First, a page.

"Hot Roof"


Technical Bulletin #33

Current as of October 2013



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For many years, conventional roof installations and building codes have required a ventilated attic space beneath the roof. The benefits of a ventilated space beneath the shingled roof deck are numerous, but primarily include moisture control and roof surface temperature moderation.

In recent years some organizations have promoted what are known as "hot roofs" – roofs in which the insulation is sprayed or affixed immediately to the underside of the roof deck. The term "hot roofs" is appropriate since the shingled roof system, without the moderating air movement beneath it, can become very hot.

Experience has shown that shingled roofs deteriorate at a faster rate when roof top temperatures are higher. In fact, a common laboratory test method used to simulate accelerated aging merely places the shingle samples in a hot oven, since heat is a key mechanism of aging.

It is admirable that building owners and homebuilders are increasing residential insulation, as energy savings can be realized. However, CASMA recommends that the insulation should not be placed in immediate contact with the underside of the roof deck. Rather, a ventilation space, or channels should be provided, with air intake at the lower part of the roof (soffit) and exhausted at or near the top of the roof as practical.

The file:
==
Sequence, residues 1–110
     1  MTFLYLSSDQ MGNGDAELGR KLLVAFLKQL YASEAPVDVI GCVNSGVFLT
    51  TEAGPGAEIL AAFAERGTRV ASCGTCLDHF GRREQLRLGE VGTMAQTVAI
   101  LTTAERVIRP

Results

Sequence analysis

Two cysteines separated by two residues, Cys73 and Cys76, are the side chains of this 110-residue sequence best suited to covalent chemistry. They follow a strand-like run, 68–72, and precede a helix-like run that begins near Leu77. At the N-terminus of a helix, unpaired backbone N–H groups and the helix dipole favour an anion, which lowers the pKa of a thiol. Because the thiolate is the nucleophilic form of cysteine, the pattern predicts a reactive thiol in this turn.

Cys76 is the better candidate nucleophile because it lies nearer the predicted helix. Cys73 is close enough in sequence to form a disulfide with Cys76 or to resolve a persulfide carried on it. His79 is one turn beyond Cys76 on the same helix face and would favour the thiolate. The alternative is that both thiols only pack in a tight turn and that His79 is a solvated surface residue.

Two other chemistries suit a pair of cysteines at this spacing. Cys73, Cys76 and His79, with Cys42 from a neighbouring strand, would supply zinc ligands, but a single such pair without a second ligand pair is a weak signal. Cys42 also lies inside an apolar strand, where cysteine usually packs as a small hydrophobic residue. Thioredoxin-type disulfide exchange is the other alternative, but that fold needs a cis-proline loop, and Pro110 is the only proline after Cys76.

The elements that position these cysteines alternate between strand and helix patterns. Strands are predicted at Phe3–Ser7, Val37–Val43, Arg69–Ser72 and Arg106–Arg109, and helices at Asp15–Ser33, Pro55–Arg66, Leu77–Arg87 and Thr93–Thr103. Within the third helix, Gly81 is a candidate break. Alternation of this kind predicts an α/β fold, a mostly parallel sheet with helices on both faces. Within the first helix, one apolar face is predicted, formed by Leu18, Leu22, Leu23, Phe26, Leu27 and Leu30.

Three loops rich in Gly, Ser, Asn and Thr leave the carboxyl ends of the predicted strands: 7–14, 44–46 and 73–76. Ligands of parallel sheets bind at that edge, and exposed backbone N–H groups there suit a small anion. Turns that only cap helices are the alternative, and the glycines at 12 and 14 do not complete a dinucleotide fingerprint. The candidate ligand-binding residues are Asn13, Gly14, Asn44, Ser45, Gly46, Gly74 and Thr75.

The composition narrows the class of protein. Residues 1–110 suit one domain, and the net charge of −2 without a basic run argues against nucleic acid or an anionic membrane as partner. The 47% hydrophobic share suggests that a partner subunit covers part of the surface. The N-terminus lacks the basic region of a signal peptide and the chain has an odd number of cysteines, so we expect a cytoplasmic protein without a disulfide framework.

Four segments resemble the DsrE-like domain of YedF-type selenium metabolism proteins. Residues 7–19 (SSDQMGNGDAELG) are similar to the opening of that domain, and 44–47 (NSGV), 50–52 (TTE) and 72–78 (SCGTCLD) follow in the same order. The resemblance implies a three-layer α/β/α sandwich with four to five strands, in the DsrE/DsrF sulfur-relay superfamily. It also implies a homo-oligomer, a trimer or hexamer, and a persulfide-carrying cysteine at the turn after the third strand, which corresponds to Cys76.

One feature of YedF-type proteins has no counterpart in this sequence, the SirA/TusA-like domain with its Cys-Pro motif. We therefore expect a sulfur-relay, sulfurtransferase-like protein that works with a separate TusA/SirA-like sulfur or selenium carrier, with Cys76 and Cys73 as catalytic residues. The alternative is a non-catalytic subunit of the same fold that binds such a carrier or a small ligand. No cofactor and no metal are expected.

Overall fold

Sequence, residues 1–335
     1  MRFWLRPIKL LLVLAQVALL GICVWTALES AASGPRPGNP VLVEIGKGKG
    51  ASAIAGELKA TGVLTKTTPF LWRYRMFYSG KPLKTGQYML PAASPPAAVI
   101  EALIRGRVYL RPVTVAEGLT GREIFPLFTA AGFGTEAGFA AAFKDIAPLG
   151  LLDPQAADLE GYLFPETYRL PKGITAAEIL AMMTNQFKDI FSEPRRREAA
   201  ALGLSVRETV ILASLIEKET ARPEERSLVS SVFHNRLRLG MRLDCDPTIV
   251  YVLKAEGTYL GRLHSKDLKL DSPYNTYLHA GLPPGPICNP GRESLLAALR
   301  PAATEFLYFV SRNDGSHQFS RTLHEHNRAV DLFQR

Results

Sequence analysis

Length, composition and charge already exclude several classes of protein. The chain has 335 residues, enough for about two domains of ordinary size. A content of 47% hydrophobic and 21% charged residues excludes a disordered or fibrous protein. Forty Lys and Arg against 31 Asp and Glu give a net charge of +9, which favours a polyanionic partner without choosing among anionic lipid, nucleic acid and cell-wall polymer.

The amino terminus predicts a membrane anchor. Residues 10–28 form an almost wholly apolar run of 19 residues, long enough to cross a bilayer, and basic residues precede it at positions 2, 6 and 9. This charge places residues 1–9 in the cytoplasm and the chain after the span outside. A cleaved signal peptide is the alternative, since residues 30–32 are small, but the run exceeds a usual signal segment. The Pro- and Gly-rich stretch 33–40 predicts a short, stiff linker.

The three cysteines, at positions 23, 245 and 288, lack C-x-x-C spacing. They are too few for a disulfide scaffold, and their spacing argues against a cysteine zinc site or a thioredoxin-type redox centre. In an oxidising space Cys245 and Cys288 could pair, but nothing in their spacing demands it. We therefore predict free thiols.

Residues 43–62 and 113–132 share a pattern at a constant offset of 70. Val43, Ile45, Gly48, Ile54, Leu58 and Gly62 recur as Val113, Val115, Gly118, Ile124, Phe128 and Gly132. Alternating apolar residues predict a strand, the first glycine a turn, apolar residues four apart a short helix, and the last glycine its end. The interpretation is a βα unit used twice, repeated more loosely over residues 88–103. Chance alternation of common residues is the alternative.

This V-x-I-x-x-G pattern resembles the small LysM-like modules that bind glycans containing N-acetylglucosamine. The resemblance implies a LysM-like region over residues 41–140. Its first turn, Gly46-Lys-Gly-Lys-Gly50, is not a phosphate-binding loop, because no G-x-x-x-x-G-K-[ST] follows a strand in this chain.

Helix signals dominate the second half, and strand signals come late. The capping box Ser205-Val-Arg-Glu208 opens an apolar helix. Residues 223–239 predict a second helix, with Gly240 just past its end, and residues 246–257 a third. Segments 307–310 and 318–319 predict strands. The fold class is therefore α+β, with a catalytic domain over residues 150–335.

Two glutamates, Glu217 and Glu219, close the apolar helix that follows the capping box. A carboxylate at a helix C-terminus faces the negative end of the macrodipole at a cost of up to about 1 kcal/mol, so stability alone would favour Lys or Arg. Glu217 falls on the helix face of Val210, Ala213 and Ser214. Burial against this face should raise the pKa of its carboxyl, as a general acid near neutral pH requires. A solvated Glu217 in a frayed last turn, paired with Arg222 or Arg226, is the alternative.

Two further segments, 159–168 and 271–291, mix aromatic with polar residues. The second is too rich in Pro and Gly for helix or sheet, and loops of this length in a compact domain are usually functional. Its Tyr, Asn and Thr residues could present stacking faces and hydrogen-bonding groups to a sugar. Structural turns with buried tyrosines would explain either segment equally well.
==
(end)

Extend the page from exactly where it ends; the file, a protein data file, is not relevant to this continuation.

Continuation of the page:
Homeowners are encouraged to confirm ventilation requirements by consulting the applicable local building code, the Canadian Standard's Association roofing standards, and the shingle manufacturer's shingle installation instructions and limited warranty requirements. See also CASMA Technical Bulletins # 1 and # 2 for more information and recommendations regarding proper roof ventilation.

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The information contained in this bulletin is for general education and is not intended to replace advice from a qualified contractor or direction on usage/installation from the manufacturer. Consumers should be aware of the safety hazards associated with work on roofs and, before doing so themselves, should consider following CASMA s advice of using qualified contractors. This bulletin may be reproduced with permission on condition that it be reproduced in whole, unedited, with attribution of copyright to CASMA.

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